MS_NOATIME; that is, MS_NOATIME implies MS_NODIRATIME.
Do not allow programs to be executed from this filesystem.
Do not honor set-user-ID and set-group-ID bits or file capabili-
ties when executing programs from this filesystem.
Mount filesystem read-only.
MS_REC (since Linux 2.4.11)
Used in conjunction with MS_BIND to create a recursive bind
mount, and in conjunction with the propagation type flags to
recursively change the propagation type of all of the mounts in
a subtree. See below for further details.
MS_RELATIME (since Linux 2.6.20)
When a file on this filesystem is accessed, update the file's
last access time (atime) only if the current value of atime is
less than or equal to the file's last modification time (mtime)
or last status change time (ctime). This option is useful for
programs, such as mutt(1), that need to know when a file has
been read since it was last modified. Since Linux 2.6.30, the
kernel defaults to the behavior provided by this flag (unless
MS_NOATIME was specified), and the MS_STRICTATIME flag is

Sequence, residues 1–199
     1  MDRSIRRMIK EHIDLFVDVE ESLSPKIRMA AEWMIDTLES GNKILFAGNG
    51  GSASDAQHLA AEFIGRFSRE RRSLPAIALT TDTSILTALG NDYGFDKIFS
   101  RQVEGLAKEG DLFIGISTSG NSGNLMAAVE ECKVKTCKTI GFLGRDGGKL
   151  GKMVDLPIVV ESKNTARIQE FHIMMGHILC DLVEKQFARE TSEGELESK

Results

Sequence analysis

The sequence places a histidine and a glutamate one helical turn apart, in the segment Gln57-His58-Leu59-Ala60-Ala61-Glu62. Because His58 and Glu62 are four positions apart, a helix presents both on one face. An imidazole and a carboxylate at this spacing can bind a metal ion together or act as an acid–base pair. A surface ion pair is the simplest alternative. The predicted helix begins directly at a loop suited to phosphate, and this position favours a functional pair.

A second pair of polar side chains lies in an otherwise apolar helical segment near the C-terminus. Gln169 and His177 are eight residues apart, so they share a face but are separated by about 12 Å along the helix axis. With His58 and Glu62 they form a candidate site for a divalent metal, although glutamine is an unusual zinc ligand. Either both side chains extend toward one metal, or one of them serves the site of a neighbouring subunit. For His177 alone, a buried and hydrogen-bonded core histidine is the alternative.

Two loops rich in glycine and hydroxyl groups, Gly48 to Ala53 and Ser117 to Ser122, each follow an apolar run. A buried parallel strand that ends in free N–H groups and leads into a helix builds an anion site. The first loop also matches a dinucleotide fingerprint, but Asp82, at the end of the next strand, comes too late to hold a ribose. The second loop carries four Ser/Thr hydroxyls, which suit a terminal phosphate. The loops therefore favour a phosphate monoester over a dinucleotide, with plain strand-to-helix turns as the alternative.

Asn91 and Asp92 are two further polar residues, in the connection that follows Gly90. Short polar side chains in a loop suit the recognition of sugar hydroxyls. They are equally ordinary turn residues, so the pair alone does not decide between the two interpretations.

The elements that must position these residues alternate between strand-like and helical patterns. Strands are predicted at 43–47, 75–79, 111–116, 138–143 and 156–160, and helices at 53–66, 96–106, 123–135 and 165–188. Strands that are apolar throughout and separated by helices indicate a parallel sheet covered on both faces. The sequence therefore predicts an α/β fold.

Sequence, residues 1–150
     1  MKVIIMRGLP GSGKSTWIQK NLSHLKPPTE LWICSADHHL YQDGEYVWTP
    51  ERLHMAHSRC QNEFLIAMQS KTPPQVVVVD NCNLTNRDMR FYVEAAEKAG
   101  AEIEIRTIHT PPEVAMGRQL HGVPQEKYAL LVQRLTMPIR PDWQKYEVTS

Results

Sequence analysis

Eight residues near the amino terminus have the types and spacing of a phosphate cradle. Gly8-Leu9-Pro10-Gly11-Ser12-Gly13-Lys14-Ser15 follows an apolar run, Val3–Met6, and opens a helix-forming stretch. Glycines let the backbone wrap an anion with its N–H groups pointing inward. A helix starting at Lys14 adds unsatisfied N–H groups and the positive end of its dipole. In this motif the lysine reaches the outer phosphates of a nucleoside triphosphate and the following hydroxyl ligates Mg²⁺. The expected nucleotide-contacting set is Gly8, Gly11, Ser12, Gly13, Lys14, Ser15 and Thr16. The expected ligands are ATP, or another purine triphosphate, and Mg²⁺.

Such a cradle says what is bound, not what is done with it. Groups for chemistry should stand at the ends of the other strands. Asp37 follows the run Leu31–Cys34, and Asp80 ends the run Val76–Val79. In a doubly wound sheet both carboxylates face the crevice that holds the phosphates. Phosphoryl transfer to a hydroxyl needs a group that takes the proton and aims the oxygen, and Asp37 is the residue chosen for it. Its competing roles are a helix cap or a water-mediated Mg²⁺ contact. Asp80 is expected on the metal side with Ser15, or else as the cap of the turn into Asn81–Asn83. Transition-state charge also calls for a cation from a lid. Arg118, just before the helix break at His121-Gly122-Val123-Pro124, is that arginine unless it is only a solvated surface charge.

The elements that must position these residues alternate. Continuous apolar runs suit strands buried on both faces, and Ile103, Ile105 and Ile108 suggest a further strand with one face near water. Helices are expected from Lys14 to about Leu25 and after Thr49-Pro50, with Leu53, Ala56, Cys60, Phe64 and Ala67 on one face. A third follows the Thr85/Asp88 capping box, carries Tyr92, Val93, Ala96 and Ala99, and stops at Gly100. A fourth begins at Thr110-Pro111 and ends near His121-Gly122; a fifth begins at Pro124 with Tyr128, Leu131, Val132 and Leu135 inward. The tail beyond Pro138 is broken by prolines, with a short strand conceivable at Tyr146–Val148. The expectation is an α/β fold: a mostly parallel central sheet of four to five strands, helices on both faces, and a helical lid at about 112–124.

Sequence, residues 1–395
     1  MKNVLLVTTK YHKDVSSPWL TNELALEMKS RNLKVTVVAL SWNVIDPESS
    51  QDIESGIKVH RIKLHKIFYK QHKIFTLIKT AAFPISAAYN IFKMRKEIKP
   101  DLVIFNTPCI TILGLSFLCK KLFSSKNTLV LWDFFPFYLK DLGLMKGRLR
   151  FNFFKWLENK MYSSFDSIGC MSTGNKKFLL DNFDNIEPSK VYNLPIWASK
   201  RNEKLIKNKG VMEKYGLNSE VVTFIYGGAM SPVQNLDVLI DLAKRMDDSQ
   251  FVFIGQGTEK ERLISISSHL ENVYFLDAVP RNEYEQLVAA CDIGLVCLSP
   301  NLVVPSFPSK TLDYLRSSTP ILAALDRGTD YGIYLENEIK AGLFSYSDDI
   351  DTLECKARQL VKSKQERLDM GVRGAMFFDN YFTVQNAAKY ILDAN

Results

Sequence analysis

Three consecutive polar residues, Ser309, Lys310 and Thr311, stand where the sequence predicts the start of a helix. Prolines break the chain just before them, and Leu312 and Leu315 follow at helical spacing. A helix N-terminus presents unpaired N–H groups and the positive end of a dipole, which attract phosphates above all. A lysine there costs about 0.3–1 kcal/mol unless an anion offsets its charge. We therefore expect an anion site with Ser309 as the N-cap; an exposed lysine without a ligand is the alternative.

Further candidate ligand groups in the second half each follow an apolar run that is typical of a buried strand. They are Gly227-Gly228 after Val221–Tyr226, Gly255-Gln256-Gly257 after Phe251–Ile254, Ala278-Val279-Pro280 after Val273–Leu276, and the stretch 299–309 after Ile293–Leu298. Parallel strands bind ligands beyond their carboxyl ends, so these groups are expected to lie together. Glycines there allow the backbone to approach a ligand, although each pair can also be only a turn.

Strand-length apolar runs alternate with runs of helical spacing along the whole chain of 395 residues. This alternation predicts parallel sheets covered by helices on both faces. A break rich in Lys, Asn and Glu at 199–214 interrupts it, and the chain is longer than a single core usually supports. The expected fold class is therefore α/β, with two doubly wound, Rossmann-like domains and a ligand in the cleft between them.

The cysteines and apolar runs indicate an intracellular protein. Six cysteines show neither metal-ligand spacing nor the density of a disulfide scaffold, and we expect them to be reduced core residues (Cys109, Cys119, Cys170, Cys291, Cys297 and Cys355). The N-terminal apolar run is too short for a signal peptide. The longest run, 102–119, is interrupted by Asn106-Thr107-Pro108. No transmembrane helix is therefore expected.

required to obtain traditional semantics. In addition, since
Linux 2.6.30, the file's last access time is always updated if
it is more than 1 day old.
MS_SILENT (since Linux 2.6.17)
Suppress the display of certain (printk()) warning messages in
the kernel log. This flag supersedes the misnamed and obsolete
MS_VERBOSE flag (available since Linux 2.4.12), which has the
MS_STRICTATIME (since Linux 2.6.30)
Always update the last access time (atime) when files on this
filesystem are accessed. (This was the default behavior before
Linux 2.6.30.) Specifying this flag overrides the effect of
setting the MS_NOATIME and MS_RELATIME flags.
Make writes on this filesystem synchronous (as though the O_SYNC
flag to open(2) was specified for all file opens to this
From Linux 2.4 onward, the MS_NODEV, MS_NOEXEC, and MS_NOSUID flags are